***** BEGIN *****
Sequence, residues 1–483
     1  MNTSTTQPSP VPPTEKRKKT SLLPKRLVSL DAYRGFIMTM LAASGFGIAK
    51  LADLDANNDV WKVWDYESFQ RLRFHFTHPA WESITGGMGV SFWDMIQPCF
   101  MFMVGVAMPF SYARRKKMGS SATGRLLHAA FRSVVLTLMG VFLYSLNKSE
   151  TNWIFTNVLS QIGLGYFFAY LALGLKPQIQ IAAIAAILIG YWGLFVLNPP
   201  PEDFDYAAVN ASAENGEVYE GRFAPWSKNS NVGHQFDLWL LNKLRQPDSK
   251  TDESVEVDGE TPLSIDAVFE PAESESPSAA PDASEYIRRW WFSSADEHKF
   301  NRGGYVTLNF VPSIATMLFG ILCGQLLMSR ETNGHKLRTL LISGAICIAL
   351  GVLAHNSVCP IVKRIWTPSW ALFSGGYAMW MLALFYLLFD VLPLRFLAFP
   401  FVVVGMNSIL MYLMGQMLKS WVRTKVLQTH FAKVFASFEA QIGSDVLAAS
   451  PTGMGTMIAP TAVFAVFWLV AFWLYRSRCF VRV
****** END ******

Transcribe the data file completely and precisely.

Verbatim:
Sequence, residues 1–483
     1  MNTSTTQPSP VPPTEKRKKT SLLPKRLVSL DAYRGFIMTM LAASGFGIAK
    51  LADLDANNDV WKVWDYESFQ RLRFHFTHPA WESITGGMGV SFWDMIQPCF
   101  MFMVGVAMPF SYARRKKMGS SATGRLLHAA FRSVVLTLMG VFLYSLNKSE
   151  TNWIFTNVLS QIGLGYFFAY LALGLKPQIQ IAAIAAILIG YWGLFVLNPP
   201  PEDFDYAAVN ASAENGEVYE GRFAPWSKNS NVGHQFDLWL LNKLRQPDSK
   251  TDESVEVDGE TPLSIDAVFE PAESESPSAA PDASEYIRRW WFSSADEHKF
   301  NRGGYVTLNF VPSIATMLFG ILCGQLLMSR ETNGHKLRTL LISGAICIAL
   351  GVLAHNSVCP IVKRIWTPSW ALFSGGYAMW MLALFYLLFD VLPLRFLAFP
   401  FVVVGMNSIL MYLMGQMLKS WVRTKVLQTH FAKVFASFEA QIGSDVLAAS
   451  PTGMGTMIAP TAVFAVFWLV AFWLYRSRCF VRV